They travelled for days, or at least it felt like that to Felicity the Cat. They arrived in port one chilly November morning.
It was a place called Brazil!
Felicity wandered the streets looking for food. He helped an old lady cross a street carefully and jumped in the path of a young boy who was about to run into the street without seeing a car coming. The boy picked him up and stroked him kindly, feeding him all sorts of exotic morsels.
He tried to talk to some of the local Cats, but sadly they couldn’t understand each other.
Felicity the Cat was stranded in Brazil in cold December. Not being able to speak the language; he instead tried to help people in the hope they would feed him and give him a kind pat.
Everywhere he went he helped; in a poor area he held a paint brush for an old man whilst he painted his door. In a ritzy nightclub, he mewled softly and stopped an argument between a couple.
Wherever he went Felicity was known and welcomed happily. He quite liked Brazil, but his home was his farm and the spot in front of the farmhouse.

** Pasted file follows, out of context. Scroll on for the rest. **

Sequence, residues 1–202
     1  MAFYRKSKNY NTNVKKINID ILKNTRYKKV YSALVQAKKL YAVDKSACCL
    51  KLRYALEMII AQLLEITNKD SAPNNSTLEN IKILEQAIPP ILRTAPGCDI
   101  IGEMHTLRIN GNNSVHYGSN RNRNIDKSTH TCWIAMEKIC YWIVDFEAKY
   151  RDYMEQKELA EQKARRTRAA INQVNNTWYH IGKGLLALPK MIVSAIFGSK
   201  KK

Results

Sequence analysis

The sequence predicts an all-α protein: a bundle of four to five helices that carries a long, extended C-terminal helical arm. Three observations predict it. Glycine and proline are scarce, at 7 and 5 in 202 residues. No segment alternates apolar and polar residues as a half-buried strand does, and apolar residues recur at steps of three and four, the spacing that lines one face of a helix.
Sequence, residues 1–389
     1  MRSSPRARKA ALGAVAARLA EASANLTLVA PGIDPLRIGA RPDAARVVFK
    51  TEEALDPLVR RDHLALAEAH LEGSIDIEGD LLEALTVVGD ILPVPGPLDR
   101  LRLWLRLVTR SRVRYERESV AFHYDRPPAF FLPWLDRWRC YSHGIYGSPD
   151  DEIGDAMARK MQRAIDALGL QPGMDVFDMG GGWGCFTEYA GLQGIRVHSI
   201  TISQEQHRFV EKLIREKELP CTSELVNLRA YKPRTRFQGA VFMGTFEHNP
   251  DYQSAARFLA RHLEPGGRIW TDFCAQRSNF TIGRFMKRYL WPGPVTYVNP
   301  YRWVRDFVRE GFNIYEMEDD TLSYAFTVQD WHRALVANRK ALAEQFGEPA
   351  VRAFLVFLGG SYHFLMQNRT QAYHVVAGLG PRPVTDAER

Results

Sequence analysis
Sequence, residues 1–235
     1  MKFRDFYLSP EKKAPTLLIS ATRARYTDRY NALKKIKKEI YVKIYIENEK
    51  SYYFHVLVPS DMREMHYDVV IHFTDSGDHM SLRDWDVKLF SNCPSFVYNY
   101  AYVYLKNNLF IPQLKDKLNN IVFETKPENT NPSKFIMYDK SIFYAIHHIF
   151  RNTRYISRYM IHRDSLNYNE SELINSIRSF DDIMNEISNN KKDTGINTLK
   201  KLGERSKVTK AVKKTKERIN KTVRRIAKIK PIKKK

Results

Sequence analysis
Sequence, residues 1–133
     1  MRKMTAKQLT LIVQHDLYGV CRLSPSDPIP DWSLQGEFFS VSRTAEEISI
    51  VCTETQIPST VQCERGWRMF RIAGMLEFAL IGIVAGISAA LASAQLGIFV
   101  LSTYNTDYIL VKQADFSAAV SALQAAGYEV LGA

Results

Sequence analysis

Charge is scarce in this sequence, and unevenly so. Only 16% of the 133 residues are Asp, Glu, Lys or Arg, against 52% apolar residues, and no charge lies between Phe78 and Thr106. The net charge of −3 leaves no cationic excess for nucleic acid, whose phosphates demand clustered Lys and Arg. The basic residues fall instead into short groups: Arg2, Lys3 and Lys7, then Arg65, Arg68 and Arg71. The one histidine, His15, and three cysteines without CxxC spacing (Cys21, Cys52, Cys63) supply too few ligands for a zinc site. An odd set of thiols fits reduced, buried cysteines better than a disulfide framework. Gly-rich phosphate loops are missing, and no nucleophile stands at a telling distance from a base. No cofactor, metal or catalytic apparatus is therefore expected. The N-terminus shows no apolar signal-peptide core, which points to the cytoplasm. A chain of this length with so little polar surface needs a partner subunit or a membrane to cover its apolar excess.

Felicity the Cat’s exploits in helping the people of Brazil made him famous. The President himself pinned a special medal on his chest on a snowy January morning with a hearty “Parabéns!*”
He was feeling quite homesick; although he loved the people and especially their food it was soon time for him to leave and go home to his farm.
The President’s wife fixed him up with a big packed lunch of fish, meats and other treats and he was seen off at the docks with crowds, a fanfare and a big band with brass instruments.
“Obrigardo Felicity! Thanks Felicity!”
[*Congratulations in Portuguese!]
It took a few weeks of gentle sailing on a delightful cruise ship before Felicity the Cat got to England on a February morning. The Captain of the ship had insisted he ate at his table with him every night of the voyage.
As he strode proudly back up to the farm house, medal glinting; there was no sign of the Mice.
Seeing his usual spot made him sleepy; so after a quick clean and brush down he slunk over and curled up.
The Sheep were passing and one called out to him:
“That Felicity! He does nothing but sleep!”